I wasn't interviewed for the smart growth study, but, had I been asked my opinion, I would have said that Baltimore County is ahead of the pack in trying to give citizens what they want inside its PFA, which, in essence, is the entire area of the County within the URDL. In helping to launch NeighborSpace in 2003, the County made sure that there was an organization in place to sustain, create and protect the the kinds of places Benfield references. I invite you to take a look at a few of them, particularly Tollgate Wyndham Preserve and Greenbrier Memorial Garden. County Executive Kamenetz has advanced a bond bill in the State legislature that, if passed, would help us begin a park on land we own on Robin Hill Road, acquire new land for public open space elsewhere in the County, and complete our strategic conservation plan. (I'll have more to say about the bill in coming weeks).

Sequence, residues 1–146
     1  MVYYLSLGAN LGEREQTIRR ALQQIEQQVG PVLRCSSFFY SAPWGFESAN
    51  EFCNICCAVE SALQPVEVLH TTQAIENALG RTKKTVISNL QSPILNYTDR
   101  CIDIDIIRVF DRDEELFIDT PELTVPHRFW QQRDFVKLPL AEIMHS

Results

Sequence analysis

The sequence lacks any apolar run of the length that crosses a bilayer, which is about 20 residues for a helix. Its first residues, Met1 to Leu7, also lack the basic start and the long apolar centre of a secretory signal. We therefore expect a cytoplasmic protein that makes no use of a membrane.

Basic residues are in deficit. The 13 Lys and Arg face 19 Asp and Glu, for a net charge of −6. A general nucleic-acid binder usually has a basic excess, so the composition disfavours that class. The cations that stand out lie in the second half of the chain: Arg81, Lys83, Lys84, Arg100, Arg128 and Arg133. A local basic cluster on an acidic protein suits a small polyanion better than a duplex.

The study makes a number recommendations for realigning State and local policies, many of which turn on local governments weaving PFAs more thoughtfully into their comprehensive planning processes, drawing them more broadly to include non-residential and mixed use projects, and achieving greater flexibility in both defining PFAs and in reducing regulatory restrictions within them in return for reducing growth elsewhere. To this I would add an admonition from County Councilman Tom Quirk, who said, in the 9/20/2011 edition of the Catonsville Times that "open space and density have to balance each other." To truly achieve smart growth, we must protect public open space and ensure that what we protect are the kinds of places that people will instinctively love.